Dr. Fauci says his kids aren’t coming home for Thanksgiving as Americans ‘sacrifice’ holiday gatherings to stay safe from coronavirus

Health, Fitness & Food

Director of the National Institute for Allergy and Infectious Diseases Dr. Anthony Fauci testifies before the House Committee on Energy and Commerce on the Trump Administration’s Response to the COVID-19 Pandemic, on Capitol Hill in Washington, DC, June 23, 2020.

Kevin Dietsch | Pool via Reuters

White House coronavirus advisor Dr. Anthony Fauci said Wednesday his kids won’t be coming home for Thanksgiving this year due to fear of possibly spreading the coronavirus.

The Centers for Disease Control and Prevention has warned of the risks associated with Thanksgiving celebrations this year, especially if people are traveling to see family they don’t live with.

“My Thanksgiving is going to look very different this year,” he said in an interview with CBS News. “I would love to have it with my children, but my children are in three separate states throughout the country and in order for them to get here, they would all have to go to an airport, get on a plane and travel with public transportation.”

“They themselves, because of their concern for me and my age, have decided they’re not going to come home for Thanksgiving, even though all three of them want very much to come home for Thanksgiving,” Fauci, director of the National Institute of Allergy and Infectious Diseases, said.

He added that everyone will need to make their own decisions about holiday gatherings this year based on the health risks of those in the household or at the gathering, the precautions people at the gathering have been taking and the amount of travel required of attendants.

The CDC said the lowest-risk Thanksgiving celebration would be a small dinner only with people who live in the household. An outdoor dinner with family and friends in the community would be moderately risky, it said, and a large indoor gathering with people from outside the household would be “higher risk.”

“Given the fluid and dynamic nature of what’s going on right now in the spread and the uptick of infections, I think people should be very careful and prudent about social gatherings,” Fauci said. “You may have to bite the bullet and sacrifice that social gathering.”

Fauci has regularly expressed concern about the rising number of new coronavirus cases around the country. The U.S. reported more than 52,400 new cases on Tuesday, pushing the seven-day average to more than 51,000 new cases per day, up more than 16% compared with a week ago, according to a CNBC analysis of data compiled by Johns Hopkins University. Average daily cases were up by more than 5% in 40 states and the District of Columbia, CNBC’s analysis shows.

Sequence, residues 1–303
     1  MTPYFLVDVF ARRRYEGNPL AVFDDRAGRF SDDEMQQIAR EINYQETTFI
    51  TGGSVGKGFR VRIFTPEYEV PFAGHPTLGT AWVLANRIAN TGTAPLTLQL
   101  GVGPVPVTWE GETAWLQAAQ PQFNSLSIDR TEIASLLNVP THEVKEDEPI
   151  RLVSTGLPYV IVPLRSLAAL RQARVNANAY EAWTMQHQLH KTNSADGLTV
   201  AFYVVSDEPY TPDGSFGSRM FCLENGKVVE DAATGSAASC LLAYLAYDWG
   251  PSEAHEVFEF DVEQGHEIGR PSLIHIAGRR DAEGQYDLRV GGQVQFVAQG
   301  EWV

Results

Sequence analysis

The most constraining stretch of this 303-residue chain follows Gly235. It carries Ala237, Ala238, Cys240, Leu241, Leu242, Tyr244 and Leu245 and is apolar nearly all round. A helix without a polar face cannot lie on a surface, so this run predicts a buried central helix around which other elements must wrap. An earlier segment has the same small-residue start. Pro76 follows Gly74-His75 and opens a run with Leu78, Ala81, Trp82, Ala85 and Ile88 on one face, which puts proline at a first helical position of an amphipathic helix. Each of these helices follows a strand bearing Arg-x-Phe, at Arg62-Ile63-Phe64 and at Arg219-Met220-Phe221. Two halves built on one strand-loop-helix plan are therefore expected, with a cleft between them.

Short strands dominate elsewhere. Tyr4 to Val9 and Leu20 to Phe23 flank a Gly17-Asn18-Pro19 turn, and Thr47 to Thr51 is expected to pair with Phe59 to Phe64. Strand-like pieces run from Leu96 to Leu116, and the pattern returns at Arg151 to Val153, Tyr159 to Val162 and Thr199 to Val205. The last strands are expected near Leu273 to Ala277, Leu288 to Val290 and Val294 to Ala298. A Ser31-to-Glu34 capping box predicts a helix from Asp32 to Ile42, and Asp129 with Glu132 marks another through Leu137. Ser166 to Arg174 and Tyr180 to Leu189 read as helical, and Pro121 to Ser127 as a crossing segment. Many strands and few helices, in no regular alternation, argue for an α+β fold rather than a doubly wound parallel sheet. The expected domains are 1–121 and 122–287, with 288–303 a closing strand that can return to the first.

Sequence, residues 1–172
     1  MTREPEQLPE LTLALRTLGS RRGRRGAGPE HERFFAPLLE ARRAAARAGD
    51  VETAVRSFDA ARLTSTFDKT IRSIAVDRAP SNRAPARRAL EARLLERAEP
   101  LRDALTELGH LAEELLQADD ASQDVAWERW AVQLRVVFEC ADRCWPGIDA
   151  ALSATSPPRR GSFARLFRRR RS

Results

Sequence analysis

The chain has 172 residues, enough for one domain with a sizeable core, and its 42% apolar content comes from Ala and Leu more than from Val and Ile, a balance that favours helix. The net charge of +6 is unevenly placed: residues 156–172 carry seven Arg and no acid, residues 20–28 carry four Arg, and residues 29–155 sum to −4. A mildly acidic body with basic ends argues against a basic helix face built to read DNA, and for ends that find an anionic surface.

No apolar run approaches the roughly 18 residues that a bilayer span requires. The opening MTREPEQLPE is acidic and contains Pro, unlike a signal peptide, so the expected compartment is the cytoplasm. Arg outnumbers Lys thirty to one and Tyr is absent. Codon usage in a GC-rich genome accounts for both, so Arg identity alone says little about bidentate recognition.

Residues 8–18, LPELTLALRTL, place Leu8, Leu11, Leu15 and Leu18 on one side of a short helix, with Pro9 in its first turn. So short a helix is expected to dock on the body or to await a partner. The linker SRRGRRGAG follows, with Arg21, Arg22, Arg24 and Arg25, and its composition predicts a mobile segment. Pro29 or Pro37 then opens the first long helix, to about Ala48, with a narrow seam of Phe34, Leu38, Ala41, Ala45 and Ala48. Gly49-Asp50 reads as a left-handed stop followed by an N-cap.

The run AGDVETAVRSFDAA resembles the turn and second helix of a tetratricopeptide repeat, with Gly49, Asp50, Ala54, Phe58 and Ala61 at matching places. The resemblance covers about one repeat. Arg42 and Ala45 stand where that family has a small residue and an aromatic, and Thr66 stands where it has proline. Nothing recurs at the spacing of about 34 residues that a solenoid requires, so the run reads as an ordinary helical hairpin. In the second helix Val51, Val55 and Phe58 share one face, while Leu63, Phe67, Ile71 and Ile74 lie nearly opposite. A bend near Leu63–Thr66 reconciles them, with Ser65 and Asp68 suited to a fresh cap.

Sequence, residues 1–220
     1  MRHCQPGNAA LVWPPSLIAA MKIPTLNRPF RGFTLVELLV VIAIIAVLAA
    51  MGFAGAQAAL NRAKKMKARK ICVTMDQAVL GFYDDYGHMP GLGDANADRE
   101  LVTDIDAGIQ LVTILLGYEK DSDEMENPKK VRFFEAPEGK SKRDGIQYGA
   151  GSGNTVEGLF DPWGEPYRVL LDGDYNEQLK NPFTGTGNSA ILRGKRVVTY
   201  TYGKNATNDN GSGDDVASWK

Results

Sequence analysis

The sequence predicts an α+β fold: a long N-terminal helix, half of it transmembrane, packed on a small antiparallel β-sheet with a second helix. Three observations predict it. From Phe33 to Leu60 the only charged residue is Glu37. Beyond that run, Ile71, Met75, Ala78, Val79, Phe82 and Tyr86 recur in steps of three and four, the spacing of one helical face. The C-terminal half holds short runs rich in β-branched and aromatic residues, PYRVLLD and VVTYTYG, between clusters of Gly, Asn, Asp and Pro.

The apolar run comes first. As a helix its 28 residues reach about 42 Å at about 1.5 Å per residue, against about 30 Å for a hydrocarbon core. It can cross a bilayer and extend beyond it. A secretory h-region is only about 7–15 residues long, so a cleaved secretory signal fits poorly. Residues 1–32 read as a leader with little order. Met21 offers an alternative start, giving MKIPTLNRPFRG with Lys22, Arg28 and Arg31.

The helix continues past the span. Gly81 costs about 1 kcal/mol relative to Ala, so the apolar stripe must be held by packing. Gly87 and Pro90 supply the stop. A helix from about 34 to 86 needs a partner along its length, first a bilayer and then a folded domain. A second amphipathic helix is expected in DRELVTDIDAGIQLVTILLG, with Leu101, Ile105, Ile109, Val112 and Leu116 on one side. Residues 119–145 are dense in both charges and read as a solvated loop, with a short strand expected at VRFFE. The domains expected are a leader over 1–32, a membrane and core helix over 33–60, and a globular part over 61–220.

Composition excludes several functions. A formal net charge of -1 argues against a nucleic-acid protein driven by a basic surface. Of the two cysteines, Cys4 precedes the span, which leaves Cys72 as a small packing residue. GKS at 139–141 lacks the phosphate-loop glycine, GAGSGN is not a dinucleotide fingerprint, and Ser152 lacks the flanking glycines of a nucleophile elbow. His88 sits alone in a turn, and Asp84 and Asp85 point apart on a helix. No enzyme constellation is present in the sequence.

Similarly, the number of people currently hospitalized with Covid-19 rose by at least 5% in 39 states, according to CNBC’s analysis of data from the Covid Tracking Project, a volunteer effort founded by journalists at The Atlantic magazine.

Fauci said on Monday that’s a “bad place to be” as the weather gets colder and people spend more time indoors, where the virus spreads more easily. He’s previously said that public health measures that reduce the spread of the virus can act as a “gateway” to safely reopening society and allowing for more congregate events such as holiday gatherings.

Fauci told CNBC’s Shepard Smith on Monday that there are five basic public health protocols that “could certainly turn around the spikes that we see and can prevent new spikes from occurring.” He said universal mask use, maintaining of physical distance, avoiding crowds, doing more things outdoors and frequently washing hands would help stop the spread of the virus.

“I have a great deal of faith in the American people and their ability to realize what we’re facing is a significant problem,” Fauci said. “We’re talking about using public health measures as a vehicle or a gateway to keeping the country open, to keeping the economy going. It is not an obstacle.”

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